A rotational viscometer was used to measure the rheological properties of the tested fluids. Zeta-potential measurements were conducted at different NP concentrations to assess their stability and to investigate the role of charge potential. Indiana limestone outcrop disks were examined as the filter media for both static and dynamic filtration (up to 350°F and 500 psi) using a filter press. The filter cakes were examined using a computed-tomography (CT) scan and scanning-electron-microscopy energy-dispersive spectroscopy (SEM-EDS). Inductively coupled plasma optical-emission spectrometry (ICP-OES) was used to measure the concentrations of key ions in the filtrate fluids.
A reduction of 43% in the filtrate-fluid volume was achieved when adding 0.5 wt% of ferric oxide NPs compared with that of the base fluid. However, using silica NPs led to an increase in the filtrate volume and filter-cake thickness. Using 0.5 wt% of ferric oxide NPs provided less agglomeration and reduced the filter-cake permeability. In addition, the SEM-EDS and ICP-OES analysis showed a replacement of the cations dissociated from the bentonite by NPs, which promoted the formation of a rigid clay-platelet structure. The produced filter cakes consisted of two layers, as indicated by the CT-scan analysis. Increasing the concentration of NPs resulted in an increase in the fluid loss and filter-cake thickness. At a higher NP concentration (2.5 wt%), a third layer of NPs was observed, which adversely affected the filter-cake characteristics, as demonstrated by CT-scan analysis and SEM-EDS elemental mapping. Furthermore, the NP-bentonite fluids had stable rheological properties at different temperatures (up to 200°F) and NP concentrations. In addition, aging these fluids at 350°F for 16 hours showed minor changes in the rheological properties.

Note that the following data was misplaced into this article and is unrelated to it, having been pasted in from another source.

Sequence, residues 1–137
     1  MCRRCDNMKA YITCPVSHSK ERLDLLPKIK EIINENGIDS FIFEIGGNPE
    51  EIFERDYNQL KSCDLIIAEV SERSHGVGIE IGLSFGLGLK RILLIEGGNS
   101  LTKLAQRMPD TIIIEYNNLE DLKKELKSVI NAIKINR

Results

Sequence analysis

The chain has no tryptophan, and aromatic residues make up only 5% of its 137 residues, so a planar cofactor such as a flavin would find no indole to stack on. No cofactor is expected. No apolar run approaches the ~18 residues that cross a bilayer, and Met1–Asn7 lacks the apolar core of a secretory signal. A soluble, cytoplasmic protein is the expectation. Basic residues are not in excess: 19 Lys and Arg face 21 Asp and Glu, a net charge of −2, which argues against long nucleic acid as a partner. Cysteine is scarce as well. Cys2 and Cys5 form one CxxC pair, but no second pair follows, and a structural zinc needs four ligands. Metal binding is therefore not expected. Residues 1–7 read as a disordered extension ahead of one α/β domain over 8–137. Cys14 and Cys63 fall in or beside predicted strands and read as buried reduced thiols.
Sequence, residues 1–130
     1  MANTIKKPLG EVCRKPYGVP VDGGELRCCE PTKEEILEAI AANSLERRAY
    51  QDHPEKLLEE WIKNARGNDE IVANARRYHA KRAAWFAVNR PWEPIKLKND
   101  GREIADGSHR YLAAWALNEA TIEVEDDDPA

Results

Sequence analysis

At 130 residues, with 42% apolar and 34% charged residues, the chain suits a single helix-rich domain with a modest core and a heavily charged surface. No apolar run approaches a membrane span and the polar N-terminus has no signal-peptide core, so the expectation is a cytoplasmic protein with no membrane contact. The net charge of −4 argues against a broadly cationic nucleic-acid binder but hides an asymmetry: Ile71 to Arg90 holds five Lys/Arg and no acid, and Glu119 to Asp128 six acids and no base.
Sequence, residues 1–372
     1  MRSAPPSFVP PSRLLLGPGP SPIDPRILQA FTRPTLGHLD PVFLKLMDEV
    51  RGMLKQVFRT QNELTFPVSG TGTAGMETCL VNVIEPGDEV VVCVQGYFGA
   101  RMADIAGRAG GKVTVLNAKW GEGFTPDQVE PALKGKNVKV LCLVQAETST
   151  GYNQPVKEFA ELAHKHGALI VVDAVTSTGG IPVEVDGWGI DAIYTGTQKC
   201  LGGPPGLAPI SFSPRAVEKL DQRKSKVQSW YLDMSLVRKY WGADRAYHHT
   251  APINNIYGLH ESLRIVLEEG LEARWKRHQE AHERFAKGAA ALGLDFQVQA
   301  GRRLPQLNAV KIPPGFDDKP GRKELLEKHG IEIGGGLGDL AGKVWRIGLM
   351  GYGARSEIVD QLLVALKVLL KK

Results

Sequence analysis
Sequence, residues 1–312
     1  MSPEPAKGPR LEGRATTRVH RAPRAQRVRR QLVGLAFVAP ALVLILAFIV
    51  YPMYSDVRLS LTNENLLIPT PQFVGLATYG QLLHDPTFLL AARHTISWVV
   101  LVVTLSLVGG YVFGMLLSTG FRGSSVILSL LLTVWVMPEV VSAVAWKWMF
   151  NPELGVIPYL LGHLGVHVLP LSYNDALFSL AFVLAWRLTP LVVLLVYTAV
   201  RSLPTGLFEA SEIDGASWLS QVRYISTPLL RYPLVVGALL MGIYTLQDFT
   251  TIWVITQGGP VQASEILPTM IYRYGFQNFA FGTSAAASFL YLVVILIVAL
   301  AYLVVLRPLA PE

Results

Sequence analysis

This research work provides an experimental evaluation of improved calcium-bentonite-based fluids using NPs under downhole conditions. The ferric oxide NPs have the potential to enhance the properties of calcium bentonite, as a low-cost alternative, to perform well in an application where the higher-value sodium bentonite is commonly used, which could provide more-efficient drilling operations and less formation damage.
Beldongar, Maye (Schlumberger) | Agee, Daniel (Schlumberger) | Kumar, Amrendra (Schlumberger) | Offenbacher, Matthew (Schlumberger) | Flamant, Nicolas (Schlumberger) | Lees, Ashley (Schlumberger) | Gadiyar, Bala (Schlumberger) | Parlar, M. (Schlumberger)
At some stage after drilling to target depth and before pumping the gravel-packing treatment or before putting the well on production, the drilling fluid is typically displaced from the wellbore. Practices in the industry vary significantly depending on the primary drivers of the completion engineers, sometimes with undesirable results. Inefficient wellbore displacements can cause a variety of problems, including increased nonproductive time, reduced well productivity, and incomplete gravel packing through various mechanisms.
In this paper, we detail our best practices to ensure efficient wellbore displacements for sand-control completions on the basis of learnings from more than 500 openhole completions throughout the world from 2013 through 2016. In the design phase, these involve various compatibility tests, some of which are not commonly performed, and/or potential problems that cannot be identified easily when they are performed using conventional test procedures. Additional considerations include the modeling of fluid/fluid displacements and determining the fluid properties, pump rates, and fluid volumes required for effective displacements in a given wellbore geometry and flow paths. On the rigsite, they involve several quality-control tests, some of which have not been implemented previously.